Turning to important service domains like finance and insurance, and real estate, some opportunities but also worrisome trends of applications of AI-based algorithms relying on Big Data are quickly emerging. In these domains, humans are increasingly assessed and judged by machines. Pasquale (Chap. 10) looks into the financial technology (Fintech) landscape, which ranges from automation of office procedures to new approaches of storing and transferring value, and granting credit. For instance, new services—e.g., insurance sold by the hour—are emerging, and investments on stock exchanges are conducted increasingly by AI systems, instead of by traders. These innovations in AI, other than industrial robotics, are probably already changing and reducing employment of (former) high-skill/high-income segments, but not routine tasks in manufacturing. A basis for some of the Fintech operations by established finance institutions and start-ups is the use of data sources from social media with algorithms to assess credit risk. Another area is financial institutions adopting distributed ledger technologies. Pasquale (Chap. 10) divides the Fintech landscape into two spheres, “incrementalist Fintech” and “futurist Fintech.” Incrementalist Fintech uses new data, algorithms, and software to perform traditional tasks of existing financial institutions. Emerging AI/robotics do not change the underlying nature of underwriting, payment processing, or lending of the financial sector. Regulators still cover these institutions, and their adherence to rules accordingly assures that long-standing principles of financial regulation persist. Yet, futurist Fintech claims to disrupt financial markets in ways that supersede regulation or even render it obsolete. If blockchain memorializing of transactions is actually “immutable,” the need for regulatory interventions to promote security or prevent modification of records may no longer be needed.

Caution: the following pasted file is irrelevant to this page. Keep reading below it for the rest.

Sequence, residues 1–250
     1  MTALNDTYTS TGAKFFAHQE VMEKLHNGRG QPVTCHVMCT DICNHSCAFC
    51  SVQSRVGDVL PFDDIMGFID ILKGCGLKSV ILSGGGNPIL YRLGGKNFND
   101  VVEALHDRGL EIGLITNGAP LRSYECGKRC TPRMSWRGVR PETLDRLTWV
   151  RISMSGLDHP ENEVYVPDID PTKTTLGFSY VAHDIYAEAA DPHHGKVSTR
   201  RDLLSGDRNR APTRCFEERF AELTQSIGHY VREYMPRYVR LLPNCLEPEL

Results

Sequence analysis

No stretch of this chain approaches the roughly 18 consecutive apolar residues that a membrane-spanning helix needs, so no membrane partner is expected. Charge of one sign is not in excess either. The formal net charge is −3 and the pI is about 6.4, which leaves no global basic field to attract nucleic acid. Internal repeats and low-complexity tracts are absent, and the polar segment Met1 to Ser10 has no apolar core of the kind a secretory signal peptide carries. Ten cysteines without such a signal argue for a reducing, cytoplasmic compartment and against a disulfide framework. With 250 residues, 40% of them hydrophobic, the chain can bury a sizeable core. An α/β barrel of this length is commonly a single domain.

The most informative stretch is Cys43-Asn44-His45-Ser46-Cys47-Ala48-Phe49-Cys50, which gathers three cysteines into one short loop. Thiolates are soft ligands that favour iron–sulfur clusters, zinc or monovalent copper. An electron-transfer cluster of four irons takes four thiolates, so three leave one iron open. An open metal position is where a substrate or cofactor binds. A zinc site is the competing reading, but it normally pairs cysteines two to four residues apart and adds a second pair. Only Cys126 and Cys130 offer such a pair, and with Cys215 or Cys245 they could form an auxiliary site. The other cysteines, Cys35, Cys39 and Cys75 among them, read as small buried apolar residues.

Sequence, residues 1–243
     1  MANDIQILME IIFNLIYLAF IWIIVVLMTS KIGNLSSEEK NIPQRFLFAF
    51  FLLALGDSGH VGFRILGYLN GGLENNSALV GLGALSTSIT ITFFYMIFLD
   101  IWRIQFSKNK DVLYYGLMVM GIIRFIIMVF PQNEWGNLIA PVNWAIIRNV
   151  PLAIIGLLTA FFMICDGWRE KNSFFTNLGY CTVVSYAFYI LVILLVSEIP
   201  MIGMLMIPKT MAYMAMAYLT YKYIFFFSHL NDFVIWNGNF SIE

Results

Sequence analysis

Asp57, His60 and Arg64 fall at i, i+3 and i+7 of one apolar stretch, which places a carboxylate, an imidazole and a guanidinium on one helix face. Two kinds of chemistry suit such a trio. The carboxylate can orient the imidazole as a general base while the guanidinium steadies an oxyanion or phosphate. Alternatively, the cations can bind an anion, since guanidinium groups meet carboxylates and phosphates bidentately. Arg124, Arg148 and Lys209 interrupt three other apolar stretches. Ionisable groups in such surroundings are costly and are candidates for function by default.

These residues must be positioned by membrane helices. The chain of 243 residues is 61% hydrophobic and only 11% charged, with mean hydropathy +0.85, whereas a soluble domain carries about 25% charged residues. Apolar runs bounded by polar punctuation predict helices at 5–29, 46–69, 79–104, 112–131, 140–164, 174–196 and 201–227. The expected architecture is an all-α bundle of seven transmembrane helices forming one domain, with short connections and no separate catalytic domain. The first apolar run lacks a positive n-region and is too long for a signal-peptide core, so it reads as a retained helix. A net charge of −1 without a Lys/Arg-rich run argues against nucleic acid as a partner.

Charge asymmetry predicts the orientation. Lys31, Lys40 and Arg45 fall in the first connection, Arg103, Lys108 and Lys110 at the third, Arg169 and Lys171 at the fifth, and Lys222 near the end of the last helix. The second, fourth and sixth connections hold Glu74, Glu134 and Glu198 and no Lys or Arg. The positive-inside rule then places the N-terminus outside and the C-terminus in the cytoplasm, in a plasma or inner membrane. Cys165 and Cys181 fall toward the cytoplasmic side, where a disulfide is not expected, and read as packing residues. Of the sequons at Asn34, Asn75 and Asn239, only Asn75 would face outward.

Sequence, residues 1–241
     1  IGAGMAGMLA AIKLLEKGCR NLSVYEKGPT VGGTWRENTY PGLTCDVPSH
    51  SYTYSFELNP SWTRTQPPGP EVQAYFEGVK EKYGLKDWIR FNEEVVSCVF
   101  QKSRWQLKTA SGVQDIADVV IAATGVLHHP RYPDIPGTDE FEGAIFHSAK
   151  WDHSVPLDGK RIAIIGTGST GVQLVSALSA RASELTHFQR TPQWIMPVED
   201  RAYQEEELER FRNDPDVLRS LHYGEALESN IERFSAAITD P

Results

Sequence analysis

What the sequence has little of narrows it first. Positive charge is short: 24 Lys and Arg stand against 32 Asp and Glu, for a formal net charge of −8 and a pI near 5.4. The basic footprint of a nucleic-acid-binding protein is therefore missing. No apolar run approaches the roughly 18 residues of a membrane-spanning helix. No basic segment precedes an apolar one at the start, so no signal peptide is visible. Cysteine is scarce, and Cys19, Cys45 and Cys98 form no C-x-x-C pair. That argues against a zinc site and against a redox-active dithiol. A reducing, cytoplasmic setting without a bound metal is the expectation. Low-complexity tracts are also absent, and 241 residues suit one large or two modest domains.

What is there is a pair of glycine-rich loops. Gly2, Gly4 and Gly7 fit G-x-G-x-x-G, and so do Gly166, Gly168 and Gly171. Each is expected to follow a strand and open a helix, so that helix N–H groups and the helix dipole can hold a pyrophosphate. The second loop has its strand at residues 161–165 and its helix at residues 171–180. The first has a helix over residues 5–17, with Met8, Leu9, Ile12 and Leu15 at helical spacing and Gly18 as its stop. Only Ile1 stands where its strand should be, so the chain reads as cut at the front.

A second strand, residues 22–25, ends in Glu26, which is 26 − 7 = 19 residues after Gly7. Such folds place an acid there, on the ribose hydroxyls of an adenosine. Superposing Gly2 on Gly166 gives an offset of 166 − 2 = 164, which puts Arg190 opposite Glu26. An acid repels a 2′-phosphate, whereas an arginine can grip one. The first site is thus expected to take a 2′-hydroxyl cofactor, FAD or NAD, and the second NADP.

Pasquale (Chap. 10) sees large issues with futurist Fintech, which engages in detailed surveillance in order to get access to services. These can become predatory, creepy, and objectionable on diverse grounds, including that they subordinate inclusion, when they allow persons to compete for advantage in financial markets in ways that undermine their financial health, dignity, and political power (Pasquale, Chap. 10). Algorithmic accountability has become an important concern for reasons of discriminating against women for lower-paying jobs, discriminating against the aged, and stimulating consumers into buying things by sophisticated social psychology and individualized advertising based on “Phishing.”Footnote 4 Pistor (2019) describes networks of obligation that even states find exceptionally difficult to break. Capital has imbricated into international legal orders that hide wealth and income from regulators and tax authorities. Cryptocurrency may become a tool for deflecting legal demands and serve the rich. Golumbia (2009) points at the potential destabilizing effects of cryptocurrencies for financial regulation and monetary policy. Pasquale (Chap. 10) stresses that both incrementalist and futurist Fintech expose the hidden costs of digital efforts to circumvent or co-opt state monetary authorities.